Page 151 - British Inquiry into Loss of RMS Titanic Day 10 -13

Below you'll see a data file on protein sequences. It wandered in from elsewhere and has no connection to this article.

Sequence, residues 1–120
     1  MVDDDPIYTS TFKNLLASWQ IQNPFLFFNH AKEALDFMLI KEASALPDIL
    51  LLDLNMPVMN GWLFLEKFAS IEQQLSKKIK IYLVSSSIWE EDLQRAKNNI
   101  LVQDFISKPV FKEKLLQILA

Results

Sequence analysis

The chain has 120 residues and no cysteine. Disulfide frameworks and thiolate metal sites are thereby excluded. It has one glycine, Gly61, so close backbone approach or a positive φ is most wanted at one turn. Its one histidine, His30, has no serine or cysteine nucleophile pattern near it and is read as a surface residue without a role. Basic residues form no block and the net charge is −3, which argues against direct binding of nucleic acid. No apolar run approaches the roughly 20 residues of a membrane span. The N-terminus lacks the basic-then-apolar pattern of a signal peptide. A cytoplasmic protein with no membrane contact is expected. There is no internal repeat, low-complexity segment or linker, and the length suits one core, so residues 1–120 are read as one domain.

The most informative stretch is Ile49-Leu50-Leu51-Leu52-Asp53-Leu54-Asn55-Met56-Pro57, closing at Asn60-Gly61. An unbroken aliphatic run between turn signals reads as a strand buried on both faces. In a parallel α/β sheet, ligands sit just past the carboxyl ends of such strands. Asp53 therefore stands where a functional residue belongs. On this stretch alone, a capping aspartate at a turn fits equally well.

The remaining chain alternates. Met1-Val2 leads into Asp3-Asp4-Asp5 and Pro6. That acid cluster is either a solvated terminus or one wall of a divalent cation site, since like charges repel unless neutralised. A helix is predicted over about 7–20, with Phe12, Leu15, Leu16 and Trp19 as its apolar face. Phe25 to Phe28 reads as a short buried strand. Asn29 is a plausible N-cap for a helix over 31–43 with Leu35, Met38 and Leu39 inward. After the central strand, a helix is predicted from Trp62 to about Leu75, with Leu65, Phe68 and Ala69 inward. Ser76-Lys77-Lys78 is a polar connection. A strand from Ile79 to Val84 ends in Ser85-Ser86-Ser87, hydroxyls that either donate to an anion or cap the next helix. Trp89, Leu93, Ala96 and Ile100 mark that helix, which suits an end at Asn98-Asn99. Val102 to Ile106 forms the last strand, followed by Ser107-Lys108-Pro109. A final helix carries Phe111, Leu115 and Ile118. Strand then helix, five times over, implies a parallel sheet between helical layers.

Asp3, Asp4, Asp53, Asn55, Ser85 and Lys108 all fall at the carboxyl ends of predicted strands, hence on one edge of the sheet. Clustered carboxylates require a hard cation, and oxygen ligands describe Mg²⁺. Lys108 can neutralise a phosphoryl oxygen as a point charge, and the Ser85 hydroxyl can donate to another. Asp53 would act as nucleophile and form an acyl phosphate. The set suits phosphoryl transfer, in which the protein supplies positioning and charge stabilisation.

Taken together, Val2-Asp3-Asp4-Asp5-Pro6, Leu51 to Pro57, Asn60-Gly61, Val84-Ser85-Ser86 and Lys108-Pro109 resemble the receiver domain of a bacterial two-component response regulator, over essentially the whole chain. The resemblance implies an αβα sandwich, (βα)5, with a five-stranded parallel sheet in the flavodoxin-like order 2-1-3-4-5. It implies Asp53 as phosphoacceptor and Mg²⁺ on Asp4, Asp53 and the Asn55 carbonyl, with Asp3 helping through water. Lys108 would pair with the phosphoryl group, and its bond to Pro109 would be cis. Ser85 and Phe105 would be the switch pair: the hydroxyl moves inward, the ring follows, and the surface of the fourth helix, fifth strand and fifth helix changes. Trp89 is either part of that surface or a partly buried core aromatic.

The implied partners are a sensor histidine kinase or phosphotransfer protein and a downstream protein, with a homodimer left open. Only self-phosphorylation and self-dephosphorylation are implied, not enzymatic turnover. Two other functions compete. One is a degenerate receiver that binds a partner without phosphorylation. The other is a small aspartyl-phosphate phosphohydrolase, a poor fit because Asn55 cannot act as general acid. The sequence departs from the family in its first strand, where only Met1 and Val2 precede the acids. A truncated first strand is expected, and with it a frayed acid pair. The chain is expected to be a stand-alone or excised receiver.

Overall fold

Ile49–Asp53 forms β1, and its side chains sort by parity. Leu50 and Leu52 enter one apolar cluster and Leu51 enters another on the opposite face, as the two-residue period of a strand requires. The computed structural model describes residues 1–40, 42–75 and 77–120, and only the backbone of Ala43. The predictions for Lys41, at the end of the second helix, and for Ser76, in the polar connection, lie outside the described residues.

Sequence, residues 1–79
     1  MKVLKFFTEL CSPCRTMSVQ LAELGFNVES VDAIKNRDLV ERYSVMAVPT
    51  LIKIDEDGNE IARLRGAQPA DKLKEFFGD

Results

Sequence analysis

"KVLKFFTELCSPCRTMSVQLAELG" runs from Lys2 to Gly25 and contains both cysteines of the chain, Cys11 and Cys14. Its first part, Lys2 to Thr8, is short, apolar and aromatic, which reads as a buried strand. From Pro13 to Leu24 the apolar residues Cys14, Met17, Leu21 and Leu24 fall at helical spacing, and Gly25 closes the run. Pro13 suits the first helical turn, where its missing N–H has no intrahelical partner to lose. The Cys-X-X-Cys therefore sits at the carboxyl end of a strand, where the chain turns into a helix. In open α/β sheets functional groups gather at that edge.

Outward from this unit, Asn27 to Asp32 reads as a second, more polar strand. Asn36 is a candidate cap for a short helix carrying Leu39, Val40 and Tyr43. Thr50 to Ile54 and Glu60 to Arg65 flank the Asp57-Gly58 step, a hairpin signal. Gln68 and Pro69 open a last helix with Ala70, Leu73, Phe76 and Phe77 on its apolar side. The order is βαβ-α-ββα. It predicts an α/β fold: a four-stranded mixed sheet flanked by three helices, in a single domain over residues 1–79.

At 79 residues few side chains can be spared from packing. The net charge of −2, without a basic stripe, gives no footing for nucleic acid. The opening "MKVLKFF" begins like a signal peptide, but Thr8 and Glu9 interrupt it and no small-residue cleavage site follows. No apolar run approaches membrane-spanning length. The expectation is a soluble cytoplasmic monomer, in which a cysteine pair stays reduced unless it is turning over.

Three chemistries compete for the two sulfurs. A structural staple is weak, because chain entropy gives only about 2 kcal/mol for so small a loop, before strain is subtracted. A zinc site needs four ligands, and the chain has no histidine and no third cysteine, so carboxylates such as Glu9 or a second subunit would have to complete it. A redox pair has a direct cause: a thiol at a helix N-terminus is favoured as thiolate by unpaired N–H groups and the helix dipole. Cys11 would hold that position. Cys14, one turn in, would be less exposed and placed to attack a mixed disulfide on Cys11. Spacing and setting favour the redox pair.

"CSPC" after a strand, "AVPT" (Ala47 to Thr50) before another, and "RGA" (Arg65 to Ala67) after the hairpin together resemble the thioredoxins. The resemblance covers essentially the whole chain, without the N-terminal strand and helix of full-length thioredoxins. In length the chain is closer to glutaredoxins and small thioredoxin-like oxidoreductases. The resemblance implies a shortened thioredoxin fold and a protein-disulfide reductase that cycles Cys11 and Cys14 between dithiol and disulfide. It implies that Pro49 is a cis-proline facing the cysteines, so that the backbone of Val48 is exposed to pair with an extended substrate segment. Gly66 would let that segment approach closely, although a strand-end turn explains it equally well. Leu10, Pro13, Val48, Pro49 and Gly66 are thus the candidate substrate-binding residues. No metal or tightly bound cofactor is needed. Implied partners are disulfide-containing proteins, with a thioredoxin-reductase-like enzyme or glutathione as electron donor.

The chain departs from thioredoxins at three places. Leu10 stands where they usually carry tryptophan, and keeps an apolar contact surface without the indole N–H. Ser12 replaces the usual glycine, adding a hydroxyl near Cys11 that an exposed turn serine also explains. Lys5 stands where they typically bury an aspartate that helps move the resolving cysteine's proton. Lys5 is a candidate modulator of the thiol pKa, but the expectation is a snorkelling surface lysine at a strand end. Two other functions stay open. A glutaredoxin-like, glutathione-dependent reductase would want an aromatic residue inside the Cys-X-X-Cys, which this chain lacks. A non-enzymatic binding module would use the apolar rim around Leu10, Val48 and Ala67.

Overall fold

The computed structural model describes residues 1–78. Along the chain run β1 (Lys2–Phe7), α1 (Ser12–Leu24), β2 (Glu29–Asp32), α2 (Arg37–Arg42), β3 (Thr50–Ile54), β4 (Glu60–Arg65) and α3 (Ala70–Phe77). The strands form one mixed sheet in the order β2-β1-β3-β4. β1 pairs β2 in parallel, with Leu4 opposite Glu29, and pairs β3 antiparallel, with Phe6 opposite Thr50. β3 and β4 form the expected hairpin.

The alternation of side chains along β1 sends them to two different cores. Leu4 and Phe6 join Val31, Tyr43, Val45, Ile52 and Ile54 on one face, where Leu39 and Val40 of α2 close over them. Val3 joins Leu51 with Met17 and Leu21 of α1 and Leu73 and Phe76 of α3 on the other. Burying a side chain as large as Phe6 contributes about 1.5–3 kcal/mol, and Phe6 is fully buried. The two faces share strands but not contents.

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14149. (The Solicitor-General.) Yes, my Lord, I am going to ask him about that now. (To the Witness.) Throughout the time that you saw this light, as far as you can judge, did it remain stationary, or did it move at all? - Perfectly stationary as far as I can recollect. 14150. Now, then, about signals from your boat. You have rockets on board, have you not? Were they fired? - You quite understand they are termed rockets, but they are actually distress signals; they do not leave a trail of fire. 14151. Distress signals? - Yes. I just mention that, not to confuse them with the old rockets, which leave a trail of fire. 14152. Those are distress signals? - Actual distress signals. 14153. What sort of light do they show? - A shell bursts at a great height in the air, throwing out a great number of stars. 14154. What is the colour? - Principally white, almost white. 14155. How are they discharged; are they discharged from a socket? - In the first place, the charge is no more and no less than what you would use in a 12-pounder or something like that. In the rail is a gunmetal socket. In the base of this cartridge, you may call it, is a black powder charge. The hole down through the centre of the remainder is blocked up with a peg. You insert the cartridge in this socket; a brass detonator, which reaches from the top of the signal into the charge at the base, is then inserted in this hole. There is a wire running through this detonator, and the pulling of this wire fires that, and that, in turn, fires the charge at the base of the cartridge. That, exploding, throws the shell to a height of several hundred feet, which is nothing more or less than a time shell and explodes by time in the air. 14156. Had you yourself anything to do with sending up these distress signals? - No, my Lord. 14157. Did you hear any order given about them? - No. 14158. You merely saw they were being sent up? - Yes. 14159. I think it was Mr. Boxhall, who is here, who had something to do with sending them up? - I believe so. 14160. Did you notice at all how many were sent up or at what intervals? - I should roughly estimate somewhere about eight at intervals of a few minutes - five or six minutes, or something like that. 14161. One at a time? - Yes, all fired from the starboard side, as far as I know. 14162. You had a Morse apparatus on your ship? - One on each side. 14163. For sending signals by flash? - Exactly. 14164. Was that made use of? - It was on the port side. 14165. The side you were on? - Yes. 14166. Who did that? You did not do that? - No. 14167. Was the Morse signalling at the same time as the rockets or earlier or later? - I really could not say whether it was during the signalling or after. 14168. Have you been in a ship where distress signals have been used before? Do you know their use? - Yes. 14169. Are there signals of a definite kind and appearance that are known as distress signals? - Yes, there is no ship allowed on the high seas to fire a rocket or anything resembling a rocket unless she requires assistance. 14170. If you had seen signals like those sent up from another ship would you have known for certain what they were? - I have seen them and known immediately. 14171. We have heard something about companies’ signals. Do they resemble these at all? - In no way, to my knowledge. 14172. Would you have any difficulty in distinguishing one from the other? - I never have had. 14173. I think you told my Lord as far as you could see there was no ice at this time within range of sight? - No.
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